Kick returners took 5 of the top 10 spots in fantasy scoring. Four of the eight XFL teams had a workhorse KR who accounted for over 70% of their team’s kickoff returns, and all four made the top 10 list: Darrius Shepherd, Kelvin McKnight, Fred Brown, and Dejoun Lee. The other four XFL teams had kick return committees with no single player reaching 50% of their team’s returns, but still managed to place 1 KR/WR (Cinque Sweeting) in the overall fantasy top 10.

Applying the New Rules to SFB 14

What will drafts look like in a league where Kene Nwangwu and Velus Jones could easily outscore Bijan Robinson and Ja’Marr Chase? If most of the managers in a league aren’t wise to the format, an ideal draft could involve taking a few top quarterbacks and tight ends early, and then filling your roster with guys like Xavier Gipson, Nyheim Hines, and Devin Duvernay. With the flex-heavy lineup requirements, you could start 1 quarterback, 1 tight end, and 9 kick returners each week.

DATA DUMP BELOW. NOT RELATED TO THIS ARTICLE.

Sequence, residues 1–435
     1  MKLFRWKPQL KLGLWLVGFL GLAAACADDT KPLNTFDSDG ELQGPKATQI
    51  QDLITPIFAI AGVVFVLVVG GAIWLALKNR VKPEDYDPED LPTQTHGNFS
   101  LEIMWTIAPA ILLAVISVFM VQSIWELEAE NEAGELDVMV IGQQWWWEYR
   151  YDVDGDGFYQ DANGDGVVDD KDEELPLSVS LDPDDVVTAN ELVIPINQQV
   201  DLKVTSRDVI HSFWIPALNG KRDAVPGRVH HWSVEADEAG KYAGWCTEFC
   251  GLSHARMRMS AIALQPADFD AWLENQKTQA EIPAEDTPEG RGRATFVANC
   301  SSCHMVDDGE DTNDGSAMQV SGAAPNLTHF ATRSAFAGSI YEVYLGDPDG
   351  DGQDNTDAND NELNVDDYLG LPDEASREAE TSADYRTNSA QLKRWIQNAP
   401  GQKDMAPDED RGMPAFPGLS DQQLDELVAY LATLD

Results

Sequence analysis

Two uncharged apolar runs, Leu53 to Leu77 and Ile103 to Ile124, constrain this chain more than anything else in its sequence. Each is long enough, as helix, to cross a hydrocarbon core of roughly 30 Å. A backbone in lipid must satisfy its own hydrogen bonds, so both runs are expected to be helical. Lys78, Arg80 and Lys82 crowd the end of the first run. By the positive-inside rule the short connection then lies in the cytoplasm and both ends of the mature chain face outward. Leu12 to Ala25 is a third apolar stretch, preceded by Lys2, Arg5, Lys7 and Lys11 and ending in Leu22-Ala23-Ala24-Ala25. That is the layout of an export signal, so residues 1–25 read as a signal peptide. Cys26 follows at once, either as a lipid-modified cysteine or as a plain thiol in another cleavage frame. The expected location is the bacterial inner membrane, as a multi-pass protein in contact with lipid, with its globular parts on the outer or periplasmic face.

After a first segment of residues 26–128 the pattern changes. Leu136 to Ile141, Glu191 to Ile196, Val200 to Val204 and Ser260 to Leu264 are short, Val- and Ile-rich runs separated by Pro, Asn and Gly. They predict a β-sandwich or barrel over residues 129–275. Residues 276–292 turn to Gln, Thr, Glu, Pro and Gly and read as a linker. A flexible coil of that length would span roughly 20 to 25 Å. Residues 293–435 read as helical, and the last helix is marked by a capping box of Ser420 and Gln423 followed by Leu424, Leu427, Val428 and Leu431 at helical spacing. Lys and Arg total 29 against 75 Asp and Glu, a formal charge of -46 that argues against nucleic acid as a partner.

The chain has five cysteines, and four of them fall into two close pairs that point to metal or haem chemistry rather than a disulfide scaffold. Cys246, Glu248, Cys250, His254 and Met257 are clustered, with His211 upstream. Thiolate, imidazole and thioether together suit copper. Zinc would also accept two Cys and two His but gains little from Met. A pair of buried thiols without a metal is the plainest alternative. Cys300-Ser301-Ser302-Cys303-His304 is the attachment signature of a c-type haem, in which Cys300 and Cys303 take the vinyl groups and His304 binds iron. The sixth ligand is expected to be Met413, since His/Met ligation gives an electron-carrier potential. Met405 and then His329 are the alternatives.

If most SFB14 drafters are prepared to face this scoring system, then we could see Rashid Shaheed or Marvin Mims in contention for the 1.01… presuming those guys will continue to return kicks, of course.

In the Wild West, which was created by the NFL’s new rule, fantasy experts will turn their attention to kick returner depth charts. Who will be this year’s Danny Amendola or Marc Mariani? Which teams will rely on just one kickoff returner, and which will use a committee? How likely are rookies like Dylan Laube and Anthony Gould to earn a starting job as kick returner? Is Mike McDaniel right to think that we’ll increasingly see teams put their top RB or WR back there on kickoffs in big spots, and which ones will they be?

The SFB14 community should realize that this is the year of the kick returner. And battles that were so often ignored in training camp and the preseason should become a priority for fantasy drafters in leagues in which return yards are premium.

Daniel got into football analytics when Football Outsiders launched in 2003, and has played and analyzed a variety of dynasty, DFS, best ball, and redraft formats. He likes to understand the gaps between what we can measure and what we care about and to create things that ought to exist.

More Articles by Daniel Keys